Grenada and the Grenadines
We have had a lovely month of cruising the Grenadines and Grenada with Laura on board, exactly the kind of island-hop cruising I hoped to do in the Caribbean. Heading south was a dream with the winds aft of the beam (mostly from behind); we only had to unroll the genoa and we were off. Going with the wind and waves, you barely feel the force of either (going the other way, as we have discovered since, is the opposite!). We arrived at Prickly Bay after a longish day south and there not only reached Grenada, but also the southernmost point of our trip - 11°59.59 North. Grenada, with its friendly people and laid back atmosphere, is one of our favorite places so far. There are absolutely no hassles and so many beautiful things to see, and kind locals willing to tell us all about their island. We rented a car for 2 days and circled all of Grenada. In the mountains, we hiked to two waterfalls where the pool formed by the 15 meter upper falls drops right into the 10 meter second fall directly under it. We spent time on the beach as well, and Nicky, on his own initiative, tried swimming without his swim wings with some success. A landmark for him.
We visited an old plantation which is now a cocoa processing station and learned just how much labor it takes to turn a cocoa bean into chocolate (and how little time it takes to eat the end product up!). On the cliffy northern end of the island we visited Carib's Leap and saw petroglyphs left behind by the first inhabitants of the island. Actually, we arrived at each of these two sites after closing hours, but at each, the caretakers immediately let us in anyway, unlocking the gates they had just locked up. This is one of the things that made us love and enjoy Grenada so much - the kind and open people. They seem to take a very endearing pride in their small country (very similar to Dominica) and the resulting "laid back enthusiasm" is very contagious.
The fishing village of Gouyave hosts a "Fish Friday" in which the catch is cooked up and sold from tent stalls along the streets - yellowfin tuna, marlin, shrimp, you name it! We had a feast, and loved the laid back atmosphere which drew tourists and locals alike. After 4 nights snug in Prickly Bay, we moved over to St Georges and enjoyed walking through the sleepy Sunday town. There is a fort over the town and old colonial warehouses along the quay. In St Georges as all over the island, we saw many roofless and abandoned houses, a reminder of Hurricane Ivan which devastated the island in 2004. Many people told us about their hurricane experiences - huddling against the walls of their house for hours in the rain and wind after the roof had blown off, or coming home after the storm to find everything gone. It is amazing that Grenada has recovered so quickly in so many ways but there is still much to be rebuilt and recovered.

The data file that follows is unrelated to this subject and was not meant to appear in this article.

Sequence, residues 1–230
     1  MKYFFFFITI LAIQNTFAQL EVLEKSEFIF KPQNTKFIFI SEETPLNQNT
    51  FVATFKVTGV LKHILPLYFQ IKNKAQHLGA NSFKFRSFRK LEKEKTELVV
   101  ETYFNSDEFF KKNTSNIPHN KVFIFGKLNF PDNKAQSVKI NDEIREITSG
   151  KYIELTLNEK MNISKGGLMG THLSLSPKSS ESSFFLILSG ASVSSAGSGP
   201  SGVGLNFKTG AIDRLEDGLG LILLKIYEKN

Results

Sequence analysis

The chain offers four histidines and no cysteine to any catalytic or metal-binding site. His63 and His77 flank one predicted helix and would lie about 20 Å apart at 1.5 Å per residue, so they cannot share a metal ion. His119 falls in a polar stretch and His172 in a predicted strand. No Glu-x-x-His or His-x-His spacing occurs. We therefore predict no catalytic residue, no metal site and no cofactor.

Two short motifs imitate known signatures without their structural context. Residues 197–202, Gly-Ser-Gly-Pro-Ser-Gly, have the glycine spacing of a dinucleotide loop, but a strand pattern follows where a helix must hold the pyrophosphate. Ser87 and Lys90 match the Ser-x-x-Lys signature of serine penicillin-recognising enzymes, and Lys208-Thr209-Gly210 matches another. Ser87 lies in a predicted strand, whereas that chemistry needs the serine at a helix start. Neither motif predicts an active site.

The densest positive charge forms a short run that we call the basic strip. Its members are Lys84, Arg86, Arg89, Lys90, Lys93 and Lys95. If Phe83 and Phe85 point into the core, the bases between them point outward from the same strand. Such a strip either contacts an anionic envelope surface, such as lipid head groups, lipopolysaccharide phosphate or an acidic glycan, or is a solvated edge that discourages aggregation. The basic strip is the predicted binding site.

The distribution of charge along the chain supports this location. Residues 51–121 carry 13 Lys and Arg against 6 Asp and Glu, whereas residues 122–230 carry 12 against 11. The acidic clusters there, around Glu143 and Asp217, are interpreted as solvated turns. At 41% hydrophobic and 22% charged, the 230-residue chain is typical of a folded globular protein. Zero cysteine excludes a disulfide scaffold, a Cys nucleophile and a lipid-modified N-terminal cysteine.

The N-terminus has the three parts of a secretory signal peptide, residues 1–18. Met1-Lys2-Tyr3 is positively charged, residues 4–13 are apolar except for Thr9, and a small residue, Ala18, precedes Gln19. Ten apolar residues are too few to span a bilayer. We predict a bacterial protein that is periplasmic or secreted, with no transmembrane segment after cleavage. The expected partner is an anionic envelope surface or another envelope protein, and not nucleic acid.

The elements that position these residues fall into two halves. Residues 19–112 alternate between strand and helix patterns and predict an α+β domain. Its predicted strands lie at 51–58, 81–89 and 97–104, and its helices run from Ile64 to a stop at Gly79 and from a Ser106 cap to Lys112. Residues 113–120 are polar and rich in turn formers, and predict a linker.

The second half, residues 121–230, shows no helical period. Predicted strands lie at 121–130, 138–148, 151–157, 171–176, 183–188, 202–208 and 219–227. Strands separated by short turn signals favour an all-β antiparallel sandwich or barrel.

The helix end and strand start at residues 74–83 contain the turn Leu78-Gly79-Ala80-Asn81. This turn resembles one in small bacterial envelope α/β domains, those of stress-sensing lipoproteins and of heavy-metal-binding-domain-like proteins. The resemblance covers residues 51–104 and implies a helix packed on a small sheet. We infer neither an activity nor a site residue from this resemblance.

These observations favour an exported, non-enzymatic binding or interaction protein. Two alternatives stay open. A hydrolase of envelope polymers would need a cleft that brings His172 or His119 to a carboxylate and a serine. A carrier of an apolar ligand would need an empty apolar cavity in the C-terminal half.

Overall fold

We were sad to leave lovely Grenada and sadder still to fight the wind on the way back north to Carriacou. We did manage to go aground on a shoal in the bay which caused a momentary panic (and long lasting high heart rate) until we got off fairly easily just by motoring off. Oops. Our 2 night stay in Carriacou was far too short to properly enjoy the hilly, laid back island. We met an enterprising local woman there who runs her own fruit stand extraordinaire. The only thing she didn't have was guavas, so she sent a nearby man off packing with a plastic bag to fill for us. "And hurry up!" she shouted after him. He came back with a bag full of guavas he had just picked off his tree! The fruit lady also makes a calaloo soup which she packs for cruisers to take with them and we enjoyed her vegetarian concoction that night. We have met many enterprising and hard working people throughout the Caribbean islands, but again we were impressed by a woman who runs her own business, stringing together a variety of products and services to make her living, with a smile and a deal for the passing visitor.
On the way south we had already enjoyed 2 nights in the Tobago Cays and now we stopped there for another 3. The Tobago Cays are stunning, beautiful, gorgeous, amazing, fantastic, fascinating, a paradise - you get the picture. During our first stop at this reef-ringed anchorage (and protected marine park), we searched in vain for sea turtles, but this time, they were popping up all around our boat! Then Laura spotted sting rays gliding past through the clear water. So we jumped in and swam with both. Nicky has gotten quite good at snorkeling and he was also able to watch a sting ray swim underneath him. What an experience for us all! We also hired a fisherman to take us to Petit Tabac, a little Robinson Crusoe like island beyond the first reef where ours were the first footprints and we had the island to ourselves for a few hours. Our solar panel and wind generator were producing enough power for the ultimate luxury - refrigeration for a few hours each night, enough for cold drinks to top off a beautiful day in the Cays.
It was hard to leave the Tobago Cays and head out into force 6 winds I would usually avoid, but our best buddies from Sea Bright were waiting for us in Bequia, so that drew us onward. We had a great reunion with Jo, Dave, and Beth, but are sad that we will soon part ways for good as they are heading to the Pacific (yes, we were very tempted to follow, but decided that will have to wait). As always, there are many repair jobs that have to be completed so we will be in Bequia for several days now, dividing time between fun with Sea Bright and fixing sails, the toilet pump (Markus gets that one), anchor light, etc, etc.